A MASSIVE campaign to rescue a bullied British chimp from a German zoo has failed despite thousands pleading for ‘Bili’ to be rescued.
The poor chimp was left with a bloodied stump after part of his ear was chomped off, and he was pictured cowering from his attackers in the Bonobo concrete bunker at Wuppertal Zoo.
Despite an “urgent” online petition signed by nearly 300,000 people calling for his return to Britain, bosses at Wuppertal Zoo maintain they are doing everything they can for Bili, and that his situation has improved.
According to animal welfare campaigners, the chimp has been severely traumatised since being sent to Wuppertal in autumn last year.
Shocking footage of the British-born bonobo being attacked by a group of aggressive apes has been making headlines around the world.
After being shared on YouTube, the petition was set up by animal lover Petra Bente in a bid to save Bili from being “bitten to death or euthanised”.
The BBC reports that the Wales Ape and Monkey Sanctuary, in Powys, has offered to adopt the animal.
Sanctuary representative Graham Garen travelled to Germany to make the offer in person.
But in a statement, the zoo rejected the gesture, saying that “resettlement is not an option”.
Zoo boss Volker Homes said Wuppertal’s zoologists and zookeepers “are doing everything possible” to “end the aggression” being shown towards Bili.
He added: “Of course, we understand that zoo visitors are scared of Bili’s wounds and worried about his health.
“However, his situation in a new home would not improve but could even worsen.”
The statement added: “This is especially true for the Wales Ape & Monkey Sanctuary, which is often talked about by animal lovers.
“After a weekend-long conversation between a representative of the Welsh rescue centre and experts at Wuppertal, it is clear to the [zoo] that due to a lack of expertise, the institution in Wales can by no means be a solution.”
We understand that zoo visitors are scared of Bili’s wounds and worried about his health.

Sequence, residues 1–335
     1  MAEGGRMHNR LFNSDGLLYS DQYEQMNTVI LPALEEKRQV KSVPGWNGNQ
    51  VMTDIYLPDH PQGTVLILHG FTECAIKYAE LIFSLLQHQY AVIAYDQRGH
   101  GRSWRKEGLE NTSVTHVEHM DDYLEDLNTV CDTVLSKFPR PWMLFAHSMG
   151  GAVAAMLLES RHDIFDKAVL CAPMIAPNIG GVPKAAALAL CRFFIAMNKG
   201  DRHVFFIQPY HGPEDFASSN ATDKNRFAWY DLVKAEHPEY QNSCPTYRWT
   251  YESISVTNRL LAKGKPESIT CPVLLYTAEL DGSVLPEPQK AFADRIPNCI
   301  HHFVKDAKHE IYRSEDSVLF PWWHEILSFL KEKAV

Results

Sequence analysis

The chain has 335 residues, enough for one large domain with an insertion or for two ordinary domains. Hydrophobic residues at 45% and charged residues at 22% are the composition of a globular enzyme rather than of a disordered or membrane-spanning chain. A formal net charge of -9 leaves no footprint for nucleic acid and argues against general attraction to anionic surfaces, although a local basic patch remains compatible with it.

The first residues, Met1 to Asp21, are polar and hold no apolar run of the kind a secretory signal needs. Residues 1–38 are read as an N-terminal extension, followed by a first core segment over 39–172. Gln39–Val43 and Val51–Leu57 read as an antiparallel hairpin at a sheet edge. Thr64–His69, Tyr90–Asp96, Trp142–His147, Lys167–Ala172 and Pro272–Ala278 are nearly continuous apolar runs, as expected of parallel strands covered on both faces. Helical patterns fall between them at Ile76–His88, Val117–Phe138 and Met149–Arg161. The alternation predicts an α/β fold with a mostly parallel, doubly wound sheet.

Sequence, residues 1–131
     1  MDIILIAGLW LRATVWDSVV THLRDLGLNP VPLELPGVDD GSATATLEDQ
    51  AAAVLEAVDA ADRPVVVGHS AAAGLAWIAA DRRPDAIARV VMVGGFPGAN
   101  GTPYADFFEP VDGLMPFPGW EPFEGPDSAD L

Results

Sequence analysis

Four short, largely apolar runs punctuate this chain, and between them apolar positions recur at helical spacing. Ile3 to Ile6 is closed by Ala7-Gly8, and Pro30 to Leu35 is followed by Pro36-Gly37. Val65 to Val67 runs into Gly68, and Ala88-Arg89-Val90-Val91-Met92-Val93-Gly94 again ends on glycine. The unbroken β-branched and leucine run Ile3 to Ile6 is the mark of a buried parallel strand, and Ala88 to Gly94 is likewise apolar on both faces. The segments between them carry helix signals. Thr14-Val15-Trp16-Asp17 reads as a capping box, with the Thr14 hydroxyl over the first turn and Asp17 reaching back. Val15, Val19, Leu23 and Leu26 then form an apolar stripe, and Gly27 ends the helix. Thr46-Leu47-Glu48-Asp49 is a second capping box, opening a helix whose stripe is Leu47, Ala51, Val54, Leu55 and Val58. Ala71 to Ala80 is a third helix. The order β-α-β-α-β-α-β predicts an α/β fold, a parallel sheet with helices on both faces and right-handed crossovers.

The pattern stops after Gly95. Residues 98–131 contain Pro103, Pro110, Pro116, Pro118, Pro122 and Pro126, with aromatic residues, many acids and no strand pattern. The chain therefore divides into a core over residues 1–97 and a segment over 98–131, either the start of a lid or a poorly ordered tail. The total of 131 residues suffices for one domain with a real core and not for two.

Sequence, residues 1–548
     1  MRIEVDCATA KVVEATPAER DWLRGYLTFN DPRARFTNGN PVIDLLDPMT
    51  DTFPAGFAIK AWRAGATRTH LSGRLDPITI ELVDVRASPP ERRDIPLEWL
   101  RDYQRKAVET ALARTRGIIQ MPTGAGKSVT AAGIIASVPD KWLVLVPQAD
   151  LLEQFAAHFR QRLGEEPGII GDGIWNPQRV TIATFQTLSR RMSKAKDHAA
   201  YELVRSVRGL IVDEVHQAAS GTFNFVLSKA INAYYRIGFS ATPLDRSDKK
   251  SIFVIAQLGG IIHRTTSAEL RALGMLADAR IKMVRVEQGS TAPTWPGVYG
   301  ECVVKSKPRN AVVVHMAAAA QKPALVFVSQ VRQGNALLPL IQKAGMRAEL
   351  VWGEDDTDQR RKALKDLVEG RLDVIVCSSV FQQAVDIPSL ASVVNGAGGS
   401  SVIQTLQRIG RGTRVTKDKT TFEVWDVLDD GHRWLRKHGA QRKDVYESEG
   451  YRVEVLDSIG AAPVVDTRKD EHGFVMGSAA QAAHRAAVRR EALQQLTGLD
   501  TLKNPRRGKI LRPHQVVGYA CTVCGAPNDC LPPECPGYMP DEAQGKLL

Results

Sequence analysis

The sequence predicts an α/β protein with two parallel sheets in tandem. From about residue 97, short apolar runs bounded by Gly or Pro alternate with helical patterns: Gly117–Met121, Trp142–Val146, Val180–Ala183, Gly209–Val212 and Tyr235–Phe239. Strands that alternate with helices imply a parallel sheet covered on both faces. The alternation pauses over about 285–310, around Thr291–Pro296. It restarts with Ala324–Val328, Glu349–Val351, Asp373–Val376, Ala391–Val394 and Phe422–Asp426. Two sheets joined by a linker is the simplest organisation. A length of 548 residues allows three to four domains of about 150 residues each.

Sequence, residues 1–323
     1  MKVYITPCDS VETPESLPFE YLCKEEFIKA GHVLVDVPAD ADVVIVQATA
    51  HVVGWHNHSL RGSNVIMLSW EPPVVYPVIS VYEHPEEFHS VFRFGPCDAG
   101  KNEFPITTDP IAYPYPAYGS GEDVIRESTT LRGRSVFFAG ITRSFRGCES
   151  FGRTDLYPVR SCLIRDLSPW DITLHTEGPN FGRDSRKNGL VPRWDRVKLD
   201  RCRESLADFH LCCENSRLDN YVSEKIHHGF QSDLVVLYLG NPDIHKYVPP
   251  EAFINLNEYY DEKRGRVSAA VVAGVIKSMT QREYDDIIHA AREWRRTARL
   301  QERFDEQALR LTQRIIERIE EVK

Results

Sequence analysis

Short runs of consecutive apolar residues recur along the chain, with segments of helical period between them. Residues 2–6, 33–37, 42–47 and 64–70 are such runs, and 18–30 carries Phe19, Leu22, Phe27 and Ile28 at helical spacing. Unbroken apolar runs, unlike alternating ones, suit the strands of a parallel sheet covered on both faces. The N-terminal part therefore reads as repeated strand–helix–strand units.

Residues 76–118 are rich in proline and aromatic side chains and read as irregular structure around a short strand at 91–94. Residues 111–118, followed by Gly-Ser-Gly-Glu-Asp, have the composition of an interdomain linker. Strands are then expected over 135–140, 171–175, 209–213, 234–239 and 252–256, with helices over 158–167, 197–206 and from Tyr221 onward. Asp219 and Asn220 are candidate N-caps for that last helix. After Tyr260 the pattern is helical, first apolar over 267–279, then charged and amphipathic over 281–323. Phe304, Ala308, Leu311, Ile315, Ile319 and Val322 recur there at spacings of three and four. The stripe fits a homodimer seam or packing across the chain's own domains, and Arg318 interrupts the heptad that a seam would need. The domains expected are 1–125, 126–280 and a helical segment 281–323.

Volker Homes, spokesman for Wuppertal Zoo
Sending Bili to Frankfurt was also taken off the table as the arrival of two new female bonobos in that troop would highly complicate Bili’s reintegration there.
The zoo said it had brought in an expert from the Jane Goodall Institute Germany to observe Bili in the enclosure on Monday.
They “confirmed to the zoologist in Wuppertal that relocating Bili to a facility where he would have to live alone would be a no-go.
“From a zoological point of view, they can not recommend a re-conversion of the bonobo into yet another group.”
In a further update posted to the zoo’s Facebook page today, it said there had been “positive developments” among the chimps.
It said that aggressive behaviour against him “has gone down” and that Bili has been “in the presence of the dominant female” and he seemed “more relaxed” as she was making “positive contact” including grooming.
CALMER ANIMALS WITH BILI
The zoo said it “hopes this gratifying development will continue, even though Bili’s integration may of course also lead to setbacks.”
Homes added: “Due to the temporary division of the monkey group into smaller units, there are now significantly calmer animals with Bili, who has noticeably relaxed.”
According to German media, the violence against Bili has not only drawn the ire of animal welfare groups, but also shocked zoo visitors who witnessed the ape being attacked.
In one video, Bili is seen sitting on a raised platform in the enclosure of the pygmy chimpanzees as some other bonobos try to push him off.
When another bonobo violently pulls Bili’s arm, he falls down with the troop of bonobos then jumping on him, and beating him up.
Bili tries to escape into a corner and protect his body from the blows by making himself as small as possible with his arms around his face.
A concerned zoo visitor can be heard shouting “nein, nein” (German for “no, no”).
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A spokesman for Jane Goodall said “footage of the attack on the young bonobo male are heartbreaking.
“Bonobos can show repeatedly aggressive behaviour towards new males integrated in a group, biting hands, feet, ears and the anal area.
“Although this behaviour is seen frequently in both captive and wild bonobos, the attacks on Bili are extremely violent.”
The organisation said that a possible explanation for the bullying was that Bili was not nursed by his mother, but was hand-raised.
He was born in 2008 in Twycross Zoo in Leicestershire, and flown to Frankfurt in 2009 where he was adopted by two loving female chimps.